I started the day by doing a quick dive into an open course on education futures. Open courses are nothing new. MIT began offering them some time ago, and a number of institutions have followed suit. This one caught my attention because it was being offered by two education gurus in a totally independent setting. I was curious about the curriculum and the platforms they were using to offer the course (a combination of elluminate for live sessions, drupal for the website and discussion board, blogs, etc). It looks pretty interesting, and what’s of greater interest is how easy it is becoming for anyone with access to open technologies to create a course and open it up to the world. Of course, such courses offer no credit, lead to no degrees, and have no accreditation – but that’s not the point. If you want to join a learning community and expose yourself to new ideas, the open course is a perfect way to do it. If people want to create something and share it with others, the tools to do so are now available – and I think we’ll be seeing many more examples of the open movement in unexpected ways.
What about an open academic library? That’s not “open” as in “our library is open from 8 am to 10 pm today”, but rather the library isn’t open, so the users decide to create their own library and open it others who want what the library offers when the library is closed. That sounds sort of messed up, but that’s exactly what is happening at the California State University, Los Angeles, where budget cuts have forced the academic library to close several hours earlier than in the past. According to this Los Angeles Times article, when budget cuts forced the library to begin closing at 8 pm, the students felt left out in the cold. They needed a communal space for quite study, computer access, photocopiers, and those other amenities (e.g., printers) the academic library offers – and they wanted it at least until midnight. So these enterprising students created an open library by bringing their own chairs and tables, jerry-rigging some electrical power, and they were in business – and they set it up right outside the library and appear to be attracting some crowds.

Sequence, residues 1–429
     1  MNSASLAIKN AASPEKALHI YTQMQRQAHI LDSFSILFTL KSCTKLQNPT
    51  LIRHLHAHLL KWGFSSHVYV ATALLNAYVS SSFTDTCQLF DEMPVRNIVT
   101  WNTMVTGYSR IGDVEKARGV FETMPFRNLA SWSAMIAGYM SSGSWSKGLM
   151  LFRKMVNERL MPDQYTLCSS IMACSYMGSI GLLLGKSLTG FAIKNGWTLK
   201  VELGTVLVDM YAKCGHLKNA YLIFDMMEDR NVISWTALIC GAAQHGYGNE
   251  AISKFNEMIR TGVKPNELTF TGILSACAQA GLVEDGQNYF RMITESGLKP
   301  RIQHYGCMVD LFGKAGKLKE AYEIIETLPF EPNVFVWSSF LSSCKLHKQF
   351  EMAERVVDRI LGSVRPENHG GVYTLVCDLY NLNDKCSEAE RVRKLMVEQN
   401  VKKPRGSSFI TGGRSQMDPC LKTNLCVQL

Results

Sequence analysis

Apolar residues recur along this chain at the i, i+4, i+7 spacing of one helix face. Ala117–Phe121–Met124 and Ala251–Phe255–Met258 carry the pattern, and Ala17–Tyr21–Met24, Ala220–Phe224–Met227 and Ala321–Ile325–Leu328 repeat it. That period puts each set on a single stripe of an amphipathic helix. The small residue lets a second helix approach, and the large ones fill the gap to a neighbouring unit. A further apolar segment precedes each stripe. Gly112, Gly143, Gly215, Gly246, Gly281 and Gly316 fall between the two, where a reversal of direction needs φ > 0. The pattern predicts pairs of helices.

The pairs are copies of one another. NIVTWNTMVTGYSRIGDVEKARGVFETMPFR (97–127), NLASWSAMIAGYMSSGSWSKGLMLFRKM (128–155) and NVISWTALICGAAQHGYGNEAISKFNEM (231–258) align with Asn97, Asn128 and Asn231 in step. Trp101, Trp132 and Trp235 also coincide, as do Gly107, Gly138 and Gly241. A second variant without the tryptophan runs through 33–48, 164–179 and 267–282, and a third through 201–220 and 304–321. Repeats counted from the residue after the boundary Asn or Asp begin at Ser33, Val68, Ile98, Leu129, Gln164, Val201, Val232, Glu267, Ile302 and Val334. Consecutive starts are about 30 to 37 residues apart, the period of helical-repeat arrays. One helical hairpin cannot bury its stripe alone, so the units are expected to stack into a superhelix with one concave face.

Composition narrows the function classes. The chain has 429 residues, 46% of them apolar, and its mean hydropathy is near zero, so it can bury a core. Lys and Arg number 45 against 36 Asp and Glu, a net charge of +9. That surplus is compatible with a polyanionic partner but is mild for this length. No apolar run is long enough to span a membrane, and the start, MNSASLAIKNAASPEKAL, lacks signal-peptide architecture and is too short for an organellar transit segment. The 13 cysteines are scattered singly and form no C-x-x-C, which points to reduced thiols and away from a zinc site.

The actions of the students sends a powerful message to the campus administrators. Academic libraries are sacred campus space that provides students with the facilities and amenities they need for learning. On the other hand it does raise the question of what our role is in supporting student success. If the students can create their own open library without academic librarians, what does that say about our added value? Many academic libraries already offer 24-hour study spaces that are either unstaffed or staffed only by student workers or security personnel. Academic librarians need not always be physically present to make an impact on student learning. And you can make the case that while the students are contributing the physical elements of the library, the academic librarians designed the online research environment that the students may use at their open library. There’s clearly more to the library than chairs, tables, and computers. And while the article doesn’t comment on it, there may be CSU, LA librarians available via chat or text message to help students at the open library. Librarians or library school students could volunteer to stop by the open library and offer their services.
The open academic library at CSU, LA is more about, as one student is quoted in the article, “resistance” to an administrative decision to close early. I suspect it isn’t the start of a trend. But there’s no question that the field of higher education is ripe for open initiatives, and with respect to the academic library – at least for its most basic physical study functions (books? media? students could bring their own and share them I suppose) going “open” is a distinct possibility. I think we would certainly want to support an open academic library. If MIT can continue to function as an “admissions” only, tuition-based university at the same time it offers an entirely open campus, then it seems the traditional academic library and its open counterpart could certainly co-exist.